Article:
Obama’s likely takeaway from Israeli election: More two-state advocates
With the Israeli election results split evenly between the right-wing bloc and everyone else, no one in Washington is ready to stake their reputation on what the outcome means for the U.S.-Israel relationship and the Middle East.
Except for this: The next Israeli government likely will include more than two lawmakers committed to a two-state solution with the Palestinians.
In mid-December, resigned to what then seemed to be Prime Minister Benjamin Netanyahu’s certain reelection at the helm of a hard-right government, staff at the U.S. Embassy in Tel Aviv drew up what they believed would be the most likely new governing coalition. Then they researched each member and counted the lawmakers who had expressly committed themselves to a two-state solution.
They came up with a grand total of two: Netanyahu and Carmel Shama HaCohen, a real estate agent from Ramat Gan and a political up-and-comer.
HaCohen is unlikely to claim a seat in the next Knesset. He’s No. 32 on the Likud Beitenu list, which is projected to take 31 seats, though some ballots have yet to be counted. But the prospect of more than two two-staters on the governing side has risen dramatically with the split Knesset, while apprehension within the Obama administration about a Netanyahu driven into recalcitrance by hard-line partners has likely diminished.
White House spokesman Jay Carney eagerly took a question on Jan. 22 on what the elections meant for peace prospects, even before official results were in and when exit polls projected Netanyahu’s right-religious bloc emerging with a razor-thin majority.
“The United States remains committed, as it has been for a long time, to working with the parties to press for the goal of a two-state solution,” Carney said. “That has not changed and it will not change. We will continue to make clear that only through direct negotiations between the parties can the Palestinians and Israelis address all the permanent status issues that need to be addressed and achieve the peace that they both deserve: two states for two peoples with a sovereign, viable and independent Palestine living side by side in peace and security with a Jewish and democratic Israel.”
The language was boilerplate, but the context was not: Just a week ago, the narrative was that President Obama had all but given up on advancing peace while Netanyahu was prime minister, believing that “Israel doesn't know what its own best interests are,” according to a report by Jeffrey Goldberg of the Atlantic.
David Makovsky, an analyst with the Washington Institute for Near East Policy, a think tank with close ties to the major Israeli parties and the White House, said the Obama administration was likely to proceed with cautious optimism.
“We're entering into a period of uncertainty where Israeli politics will look like a Rubik’s cube,” Makovsky said. “But from Washington’s perspective, there might be more cards than a couple of weeks ago.”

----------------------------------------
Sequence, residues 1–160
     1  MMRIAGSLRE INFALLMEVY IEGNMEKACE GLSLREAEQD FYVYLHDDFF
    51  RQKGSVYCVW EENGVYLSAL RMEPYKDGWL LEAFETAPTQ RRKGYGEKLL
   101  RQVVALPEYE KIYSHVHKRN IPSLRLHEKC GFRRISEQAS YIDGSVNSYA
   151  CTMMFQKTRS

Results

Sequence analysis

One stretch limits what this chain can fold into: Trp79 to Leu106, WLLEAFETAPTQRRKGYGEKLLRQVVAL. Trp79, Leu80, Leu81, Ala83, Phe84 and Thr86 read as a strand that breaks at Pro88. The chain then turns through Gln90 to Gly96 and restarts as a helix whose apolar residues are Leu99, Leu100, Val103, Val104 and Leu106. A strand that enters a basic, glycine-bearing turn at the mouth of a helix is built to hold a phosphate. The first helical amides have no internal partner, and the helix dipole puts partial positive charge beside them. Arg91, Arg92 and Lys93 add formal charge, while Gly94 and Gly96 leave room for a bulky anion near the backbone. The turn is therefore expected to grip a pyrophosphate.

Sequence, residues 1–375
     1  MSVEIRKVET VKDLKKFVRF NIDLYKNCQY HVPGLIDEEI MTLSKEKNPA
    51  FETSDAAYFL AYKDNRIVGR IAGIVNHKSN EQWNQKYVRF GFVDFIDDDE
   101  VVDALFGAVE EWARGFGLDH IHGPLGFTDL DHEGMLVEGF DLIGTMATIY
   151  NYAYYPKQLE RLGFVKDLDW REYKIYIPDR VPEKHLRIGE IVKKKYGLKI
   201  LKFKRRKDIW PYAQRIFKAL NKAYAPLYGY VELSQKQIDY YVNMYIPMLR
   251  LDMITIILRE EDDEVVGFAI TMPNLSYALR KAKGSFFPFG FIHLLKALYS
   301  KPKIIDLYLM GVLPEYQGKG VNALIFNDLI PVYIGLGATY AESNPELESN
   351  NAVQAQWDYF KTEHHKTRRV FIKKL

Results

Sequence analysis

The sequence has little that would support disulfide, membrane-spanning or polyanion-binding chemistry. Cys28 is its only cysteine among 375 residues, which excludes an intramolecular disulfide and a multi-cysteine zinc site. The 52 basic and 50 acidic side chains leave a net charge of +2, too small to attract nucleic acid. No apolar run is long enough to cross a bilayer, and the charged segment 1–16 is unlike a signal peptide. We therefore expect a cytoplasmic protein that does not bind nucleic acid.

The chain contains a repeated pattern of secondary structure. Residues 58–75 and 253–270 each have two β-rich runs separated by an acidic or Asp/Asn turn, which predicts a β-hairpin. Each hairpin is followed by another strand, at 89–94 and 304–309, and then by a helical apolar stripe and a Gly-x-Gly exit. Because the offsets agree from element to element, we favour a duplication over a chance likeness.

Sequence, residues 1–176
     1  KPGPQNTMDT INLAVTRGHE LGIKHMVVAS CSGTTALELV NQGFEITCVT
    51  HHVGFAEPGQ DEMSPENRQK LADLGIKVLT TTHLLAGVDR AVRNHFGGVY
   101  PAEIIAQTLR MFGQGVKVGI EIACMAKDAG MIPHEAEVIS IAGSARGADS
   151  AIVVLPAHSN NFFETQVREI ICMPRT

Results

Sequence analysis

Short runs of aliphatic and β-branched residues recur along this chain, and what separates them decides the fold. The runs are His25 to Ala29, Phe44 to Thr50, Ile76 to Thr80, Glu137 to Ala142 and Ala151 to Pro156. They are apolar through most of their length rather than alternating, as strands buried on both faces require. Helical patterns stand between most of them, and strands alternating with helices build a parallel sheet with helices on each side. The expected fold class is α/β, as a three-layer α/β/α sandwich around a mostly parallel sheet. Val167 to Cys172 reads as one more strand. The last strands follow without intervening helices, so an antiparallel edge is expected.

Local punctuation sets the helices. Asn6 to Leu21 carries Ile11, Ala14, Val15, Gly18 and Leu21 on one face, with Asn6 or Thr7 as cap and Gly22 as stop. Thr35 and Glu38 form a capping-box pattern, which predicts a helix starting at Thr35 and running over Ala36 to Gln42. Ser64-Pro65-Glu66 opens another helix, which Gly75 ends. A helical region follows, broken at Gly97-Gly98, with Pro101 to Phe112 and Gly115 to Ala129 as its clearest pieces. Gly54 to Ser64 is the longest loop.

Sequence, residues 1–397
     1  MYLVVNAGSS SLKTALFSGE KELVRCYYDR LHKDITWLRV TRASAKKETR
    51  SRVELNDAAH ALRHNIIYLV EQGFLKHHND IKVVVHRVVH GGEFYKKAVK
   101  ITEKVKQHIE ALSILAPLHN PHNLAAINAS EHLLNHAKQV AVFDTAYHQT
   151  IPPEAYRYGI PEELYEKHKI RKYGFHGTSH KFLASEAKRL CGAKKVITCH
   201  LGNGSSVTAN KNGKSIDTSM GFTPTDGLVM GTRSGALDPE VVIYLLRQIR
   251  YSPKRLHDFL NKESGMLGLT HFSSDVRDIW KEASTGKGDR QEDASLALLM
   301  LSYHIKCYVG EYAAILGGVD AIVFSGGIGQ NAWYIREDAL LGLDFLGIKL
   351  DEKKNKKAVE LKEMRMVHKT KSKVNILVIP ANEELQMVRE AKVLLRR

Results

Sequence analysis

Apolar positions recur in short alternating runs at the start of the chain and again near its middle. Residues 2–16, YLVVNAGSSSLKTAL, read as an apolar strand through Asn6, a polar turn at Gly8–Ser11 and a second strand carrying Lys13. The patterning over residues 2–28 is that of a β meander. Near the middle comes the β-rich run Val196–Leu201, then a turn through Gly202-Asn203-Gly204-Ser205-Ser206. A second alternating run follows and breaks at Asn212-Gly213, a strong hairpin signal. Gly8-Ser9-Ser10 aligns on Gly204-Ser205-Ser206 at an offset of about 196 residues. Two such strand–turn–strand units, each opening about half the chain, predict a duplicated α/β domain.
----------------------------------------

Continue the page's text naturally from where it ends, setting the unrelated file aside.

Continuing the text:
The Obama-Netanyahu drama of recent years, arising from tensions over Israel’s settlement building and how aggresively to confront Iran, may not soon disappear. In his post-election speech, Netanyahu said preventing Iran from acquiring a nuclear weapon remains his No. 1 priority.
Obama also wants to keep Iran from having a nuclear bomb, which the Islamic Republic has denied it is seeking. But the two leaders have disagreed on the efficacy of sanctions and the timing of a possible military option.
Additionally, there is a sense among Israeli rightists that Obama’s remark was leaked to Goldberg in a bid to bring down Netanyahu’s poll numbers, although no evidence has emerged to support the claim.
The upside for Obama, however, is that Netanyahu will likely first court the centrist parties in coalition talks. According to news reports, he called Yair Lapid, the leader of the centrist Yesh Atid party, shortly after the polls closed on Jan. 22 and told him they had great things to do together. In his own speech, Netanyahu said he could see “many partners” in the next government.
Lapid, the telegenic former journalist whose new party snagged an unexpected 19 seats, was the surprise winner in the balloting. He backs negotiations with the Palestinians and withdrawal from much of the West Bank, although he also aggressively courted some settlers. More piquantly, his chief adviser is Mark Mellman, a pollster ensconced in Washington’s Democratic establishment who has close White House ties.
Netanyahu’s pivot to the center is to be expected, said Josh Block, who directs The Israel Project, a group that disseminates pro-Israel materials to journalists and opinion makers.
“Predictions of Israeli voter apathy and of a rightward shift in the Israeli electorate, both of which reached the status of conventional wisdom on the eve of the election, seem to have been incorrect,” Block said in an email. “The voting, which was marked by near-historic turnout, appears to show an Israeli electorate reflecting a practical centrism: a desire for strong security and peace with Palestinians, a focus on economic issues and needs of the middle class, and a commitment to free markets and religious secularism.”
Much of the election was fought on the widening income gaps in Israel, as well as on the role of the haredi Orthodox in Israeli affairs. Those issues likely will predominate in coalition negotiations, said Peter Medding, a political science professor at Hebrew University whose specialties include U.S.-Israel relations.
Medding said the negotiations could take weeks, particularly because of Lapid’s emphasis on drafting haredi Orthodox students and removing Orthodox influence from the public sphere.
“The kind of policies Lapid has been putting forward does not sit well with some of the right’s natural coalition partners, particularly Shas,” the Sephardic Orthodox party that won 11 seats.